germander

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ger·man·der

 (jər-măn′dər)
n.
Any of various usually aromatic plants of the genus Teucrium of the mint family, having purplish or reddish flowers.

[Middle English germandre, from Old French germandree, alteration of Medieval Latin germandrea, from Late Greek khamandrua, from Greek khamaidrūs : khamai, on the ground; see dhghem- in Indo-European roots + drūs, oak; see deru- in Indo-European roots.]

germander

(dʒɜːˈmændə)
n
(Plants) any of several plants of the genus Teucrium, esp T. chamaedrys (wall germander) of Europe, having two-lipped flowers with a very small upper lip: family Lamiaceae (labiates)
[C15: from Medieval Latin germandrea, from Late Greek khamandrua, from Greek khamaidrus, from khamai on the ground + drus oak tree]

ger•man•der

(dʒərˈmæn dər)

n.
any plant or shrub of the genus Teucrium, of the mint family.
[1400–50; late Middle English < Medieval Latin germandr(e)a < Late Greek chamandryá]
ThesaurusAntonymsRelated WordsSynonymsLegend:
Noun1.germander - any of various plants of the genus Teucriumgermander - any of various plants of the genus Teucrium
genus Teucrium, Teucrium - large widely distributed genus of perennial herbs or shrubs or subshrubs; native to Mediterranean region to western Asia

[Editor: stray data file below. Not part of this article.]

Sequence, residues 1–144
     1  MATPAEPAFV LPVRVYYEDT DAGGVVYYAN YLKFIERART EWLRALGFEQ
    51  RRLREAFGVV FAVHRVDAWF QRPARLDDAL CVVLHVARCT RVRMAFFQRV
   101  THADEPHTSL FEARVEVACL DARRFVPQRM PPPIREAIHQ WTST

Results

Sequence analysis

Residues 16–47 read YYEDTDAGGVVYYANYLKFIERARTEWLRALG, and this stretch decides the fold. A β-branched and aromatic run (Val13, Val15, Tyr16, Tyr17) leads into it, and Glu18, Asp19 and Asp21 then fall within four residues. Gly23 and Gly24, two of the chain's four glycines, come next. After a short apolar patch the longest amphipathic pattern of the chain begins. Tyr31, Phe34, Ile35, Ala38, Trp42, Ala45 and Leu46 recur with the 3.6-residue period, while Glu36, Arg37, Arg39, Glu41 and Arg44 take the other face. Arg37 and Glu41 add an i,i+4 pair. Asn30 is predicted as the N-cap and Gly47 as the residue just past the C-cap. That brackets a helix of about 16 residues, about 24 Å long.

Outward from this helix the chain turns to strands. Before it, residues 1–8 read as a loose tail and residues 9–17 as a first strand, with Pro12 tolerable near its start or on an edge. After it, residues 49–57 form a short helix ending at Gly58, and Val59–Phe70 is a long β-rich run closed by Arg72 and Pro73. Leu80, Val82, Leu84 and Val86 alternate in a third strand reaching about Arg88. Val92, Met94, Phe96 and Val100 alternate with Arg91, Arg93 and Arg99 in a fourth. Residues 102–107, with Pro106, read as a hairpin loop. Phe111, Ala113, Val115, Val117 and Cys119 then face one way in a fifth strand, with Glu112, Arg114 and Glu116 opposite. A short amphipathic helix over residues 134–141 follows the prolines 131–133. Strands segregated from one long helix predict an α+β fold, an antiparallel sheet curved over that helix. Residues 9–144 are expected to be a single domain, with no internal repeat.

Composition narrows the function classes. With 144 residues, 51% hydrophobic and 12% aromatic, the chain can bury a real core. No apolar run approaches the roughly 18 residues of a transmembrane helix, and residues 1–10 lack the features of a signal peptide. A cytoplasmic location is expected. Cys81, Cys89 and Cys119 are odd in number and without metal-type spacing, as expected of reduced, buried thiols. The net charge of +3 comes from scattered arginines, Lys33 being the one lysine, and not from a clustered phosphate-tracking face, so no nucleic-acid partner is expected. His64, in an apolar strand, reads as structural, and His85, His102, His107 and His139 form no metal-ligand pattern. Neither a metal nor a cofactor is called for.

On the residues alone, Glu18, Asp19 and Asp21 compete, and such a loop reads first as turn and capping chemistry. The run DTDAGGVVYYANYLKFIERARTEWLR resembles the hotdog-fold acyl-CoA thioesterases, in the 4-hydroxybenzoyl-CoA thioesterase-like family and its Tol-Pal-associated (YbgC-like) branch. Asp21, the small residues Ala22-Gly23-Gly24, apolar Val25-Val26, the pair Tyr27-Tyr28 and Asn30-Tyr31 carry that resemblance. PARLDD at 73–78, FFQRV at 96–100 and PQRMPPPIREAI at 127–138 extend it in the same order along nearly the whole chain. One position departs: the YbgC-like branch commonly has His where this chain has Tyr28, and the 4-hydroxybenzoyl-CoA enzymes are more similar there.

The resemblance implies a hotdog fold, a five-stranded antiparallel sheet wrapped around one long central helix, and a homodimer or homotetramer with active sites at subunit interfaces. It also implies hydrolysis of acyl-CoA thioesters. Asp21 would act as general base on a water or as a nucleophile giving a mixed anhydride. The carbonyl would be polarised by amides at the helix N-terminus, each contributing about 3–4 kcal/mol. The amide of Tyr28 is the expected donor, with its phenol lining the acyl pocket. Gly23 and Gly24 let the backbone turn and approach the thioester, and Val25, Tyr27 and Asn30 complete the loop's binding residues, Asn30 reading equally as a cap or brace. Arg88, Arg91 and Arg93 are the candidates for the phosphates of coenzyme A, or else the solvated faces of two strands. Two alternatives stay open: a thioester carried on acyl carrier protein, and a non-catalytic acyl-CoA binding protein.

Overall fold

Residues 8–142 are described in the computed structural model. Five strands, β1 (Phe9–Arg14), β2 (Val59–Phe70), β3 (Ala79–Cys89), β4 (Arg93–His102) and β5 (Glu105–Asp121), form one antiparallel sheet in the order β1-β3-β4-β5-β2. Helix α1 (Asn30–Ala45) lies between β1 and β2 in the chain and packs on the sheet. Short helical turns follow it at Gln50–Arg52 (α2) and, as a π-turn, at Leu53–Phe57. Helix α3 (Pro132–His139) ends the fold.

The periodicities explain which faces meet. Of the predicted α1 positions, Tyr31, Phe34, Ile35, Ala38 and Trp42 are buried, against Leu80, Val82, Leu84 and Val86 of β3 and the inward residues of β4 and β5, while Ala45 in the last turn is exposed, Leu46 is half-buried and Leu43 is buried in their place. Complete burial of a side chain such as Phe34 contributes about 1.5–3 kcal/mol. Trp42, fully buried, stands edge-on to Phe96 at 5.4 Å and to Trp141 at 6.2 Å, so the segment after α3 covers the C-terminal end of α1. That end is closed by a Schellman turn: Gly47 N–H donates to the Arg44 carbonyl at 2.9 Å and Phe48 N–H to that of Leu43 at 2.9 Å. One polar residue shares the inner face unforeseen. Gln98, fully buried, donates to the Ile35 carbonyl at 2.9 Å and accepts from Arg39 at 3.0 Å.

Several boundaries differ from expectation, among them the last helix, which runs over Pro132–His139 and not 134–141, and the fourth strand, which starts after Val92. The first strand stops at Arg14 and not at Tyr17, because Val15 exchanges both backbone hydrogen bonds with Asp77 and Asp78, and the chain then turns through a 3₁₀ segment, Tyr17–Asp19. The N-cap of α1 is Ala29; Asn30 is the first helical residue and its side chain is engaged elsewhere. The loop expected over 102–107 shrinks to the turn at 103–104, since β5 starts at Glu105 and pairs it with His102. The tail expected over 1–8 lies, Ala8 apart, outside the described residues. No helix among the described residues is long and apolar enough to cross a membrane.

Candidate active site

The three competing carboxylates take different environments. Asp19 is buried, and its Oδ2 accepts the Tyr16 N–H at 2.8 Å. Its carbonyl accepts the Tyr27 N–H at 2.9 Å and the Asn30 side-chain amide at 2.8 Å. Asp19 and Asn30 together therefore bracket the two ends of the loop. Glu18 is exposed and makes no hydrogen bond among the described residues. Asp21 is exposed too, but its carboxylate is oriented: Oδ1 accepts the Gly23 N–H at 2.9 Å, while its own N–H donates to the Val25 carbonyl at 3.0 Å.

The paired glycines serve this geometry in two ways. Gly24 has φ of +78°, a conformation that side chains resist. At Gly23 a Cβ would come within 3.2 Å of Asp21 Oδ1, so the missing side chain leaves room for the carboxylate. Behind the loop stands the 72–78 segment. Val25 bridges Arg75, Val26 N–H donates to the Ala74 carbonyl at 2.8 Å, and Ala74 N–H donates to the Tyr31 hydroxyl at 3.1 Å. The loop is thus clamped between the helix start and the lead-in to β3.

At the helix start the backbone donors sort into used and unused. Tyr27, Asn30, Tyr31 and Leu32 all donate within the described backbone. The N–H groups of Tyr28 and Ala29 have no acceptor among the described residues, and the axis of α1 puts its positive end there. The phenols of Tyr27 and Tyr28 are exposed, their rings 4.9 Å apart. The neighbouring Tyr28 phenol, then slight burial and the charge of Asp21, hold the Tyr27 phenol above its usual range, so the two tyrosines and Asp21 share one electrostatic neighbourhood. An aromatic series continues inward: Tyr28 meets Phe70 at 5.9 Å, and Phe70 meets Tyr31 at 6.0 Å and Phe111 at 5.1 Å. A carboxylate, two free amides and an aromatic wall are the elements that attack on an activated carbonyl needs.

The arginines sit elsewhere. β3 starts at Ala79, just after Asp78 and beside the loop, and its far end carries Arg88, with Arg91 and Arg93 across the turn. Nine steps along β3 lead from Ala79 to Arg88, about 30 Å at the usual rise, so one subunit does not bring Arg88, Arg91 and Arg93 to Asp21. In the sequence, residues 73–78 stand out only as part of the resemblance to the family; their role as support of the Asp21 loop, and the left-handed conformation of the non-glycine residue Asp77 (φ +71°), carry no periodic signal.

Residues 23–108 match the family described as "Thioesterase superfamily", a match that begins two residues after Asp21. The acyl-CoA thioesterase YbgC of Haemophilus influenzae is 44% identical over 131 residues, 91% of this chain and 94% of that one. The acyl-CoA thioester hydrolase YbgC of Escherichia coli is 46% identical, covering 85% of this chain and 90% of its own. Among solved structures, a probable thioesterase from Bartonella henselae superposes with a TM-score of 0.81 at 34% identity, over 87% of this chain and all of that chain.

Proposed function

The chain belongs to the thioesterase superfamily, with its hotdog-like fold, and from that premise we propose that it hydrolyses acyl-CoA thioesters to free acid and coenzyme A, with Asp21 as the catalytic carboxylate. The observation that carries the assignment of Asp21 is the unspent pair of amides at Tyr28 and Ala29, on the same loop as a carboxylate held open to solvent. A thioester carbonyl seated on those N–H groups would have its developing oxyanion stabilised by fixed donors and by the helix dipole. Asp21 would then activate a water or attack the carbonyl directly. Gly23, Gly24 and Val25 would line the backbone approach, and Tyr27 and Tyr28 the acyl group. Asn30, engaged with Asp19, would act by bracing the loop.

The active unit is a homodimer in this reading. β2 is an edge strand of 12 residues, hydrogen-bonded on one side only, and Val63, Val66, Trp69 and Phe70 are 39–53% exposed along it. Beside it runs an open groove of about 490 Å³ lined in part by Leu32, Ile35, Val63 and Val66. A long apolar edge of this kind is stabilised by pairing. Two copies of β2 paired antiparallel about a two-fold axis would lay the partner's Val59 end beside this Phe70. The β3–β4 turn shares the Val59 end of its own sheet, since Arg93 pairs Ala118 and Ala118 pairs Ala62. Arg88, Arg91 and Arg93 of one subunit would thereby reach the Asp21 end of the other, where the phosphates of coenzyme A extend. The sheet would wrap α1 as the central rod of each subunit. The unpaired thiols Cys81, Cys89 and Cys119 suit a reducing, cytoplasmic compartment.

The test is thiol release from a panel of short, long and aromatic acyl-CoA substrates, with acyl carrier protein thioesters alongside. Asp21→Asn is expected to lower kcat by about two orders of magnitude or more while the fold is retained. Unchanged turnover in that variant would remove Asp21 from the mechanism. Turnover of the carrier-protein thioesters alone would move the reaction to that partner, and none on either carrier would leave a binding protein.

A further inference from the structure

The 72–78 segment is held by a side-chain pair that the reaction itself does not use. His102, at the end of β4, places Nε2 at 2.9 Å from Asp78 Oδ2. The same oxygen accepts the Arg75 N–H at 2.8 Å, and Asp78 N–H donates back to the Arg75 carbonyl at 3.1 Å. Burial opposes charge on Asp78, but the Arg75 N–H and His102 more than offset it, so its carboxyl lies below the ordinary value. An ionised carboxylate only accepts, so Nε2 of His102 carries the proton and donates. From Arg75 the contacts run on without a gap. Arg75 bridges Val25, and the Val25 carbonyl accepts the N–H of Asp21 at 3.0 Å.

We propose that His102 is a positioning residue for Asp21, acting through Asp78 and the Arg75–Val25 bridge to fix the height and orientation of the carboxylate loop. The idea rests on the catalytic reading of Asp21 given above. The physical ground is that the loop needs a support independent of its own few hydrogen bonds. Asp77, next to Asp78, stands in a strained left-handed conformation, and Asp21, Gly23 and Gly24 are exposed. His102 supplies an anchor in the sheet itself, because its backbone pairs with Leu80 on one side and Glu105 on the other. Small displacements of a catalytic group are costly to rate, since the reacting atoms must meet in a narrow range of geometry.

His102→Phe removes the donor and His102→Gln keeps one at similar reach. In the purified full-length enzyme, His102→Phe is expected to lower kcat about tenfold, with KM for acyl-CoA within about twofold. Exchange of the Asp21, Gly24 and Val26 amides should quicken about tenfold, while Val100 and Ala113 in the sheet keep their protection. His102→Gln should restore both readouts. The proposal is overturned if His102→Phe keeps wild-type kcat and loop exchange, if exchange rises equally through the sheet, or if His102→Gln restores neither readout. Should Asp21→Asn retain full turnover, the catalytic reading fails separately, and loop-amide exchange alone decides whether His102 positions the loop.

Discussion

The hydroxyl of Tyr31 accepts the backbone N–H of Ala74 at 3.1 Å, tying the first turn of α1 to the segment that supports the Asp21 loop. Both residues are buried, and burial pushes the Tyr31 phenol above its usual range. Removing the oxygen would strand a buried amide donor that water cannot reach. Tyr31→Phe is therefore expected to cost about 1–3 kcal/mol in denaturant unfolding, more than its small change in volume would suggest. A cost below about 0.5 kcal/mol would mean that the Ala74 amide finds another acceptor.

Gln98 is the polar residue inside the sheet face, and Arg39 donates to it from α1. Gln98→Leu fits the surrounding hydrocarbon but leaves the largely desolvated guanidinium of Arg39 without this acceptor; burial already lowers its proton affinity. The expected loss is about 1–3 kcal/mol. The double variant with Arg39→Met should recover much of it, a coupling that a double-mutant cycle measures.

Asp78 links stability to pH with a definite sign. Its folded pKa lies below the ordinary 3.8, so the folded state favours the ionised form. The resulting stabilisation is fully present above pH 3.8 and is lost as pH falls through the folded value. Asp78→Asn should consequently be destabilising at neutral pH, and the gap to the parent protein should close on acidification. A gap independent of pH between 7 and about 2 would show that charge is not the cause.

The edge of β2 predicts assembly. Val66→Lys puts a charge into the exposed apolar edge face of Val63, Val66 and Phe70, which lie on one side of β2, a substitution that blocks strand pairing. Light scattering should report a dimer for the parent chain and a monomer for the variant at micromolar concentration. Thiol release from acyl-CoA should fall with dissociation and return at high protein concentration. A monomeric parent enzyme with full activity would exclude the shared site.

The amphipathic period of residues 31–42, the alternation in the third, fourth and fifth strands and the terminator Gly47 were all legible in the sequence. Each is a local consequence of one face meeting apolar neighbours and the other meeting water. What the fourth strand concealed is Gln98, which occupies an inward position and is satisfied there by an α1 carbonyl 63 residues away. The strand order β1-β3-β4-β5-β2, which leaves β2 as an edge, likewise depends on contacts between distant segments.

American germander, Teucrium canadense, wood sage - subshrub with serrate leaves and cream-colored to pink or purple flowers in spikelike racemes; North America
Teucrium chamaedrys, wall germander - European perennial subshrub with red-purple or bright rose flowers with red and white spots
cat thyme, marum, Teucrium marum - Mediterranean germander having small hairy leaves and reddish purple flowers; attractive to cats
Teucrium scorodonia, wood sage - European germander with one-sided racemes of yellow flowers; naturalized in North America
subshrub, suffrutex - low-growing woody shrub or perennial with woody base
References in classic literature ?
I like also little heaps, in the nature of mole-hills (such as are in wild heaths), to be set, some with wild thyme; some with pinks; some with germander, that gives a good flower to the eye; some with periwinkle; some with violets; some with strawberries; some with cowslips; some with daisies; some with red roses; some with lilium convallium; some with sweet-williams red; some with bear's-foot: and the like low flowers, being withal sweet and sightly.
Two other germanders are much loved as garden ornamentals.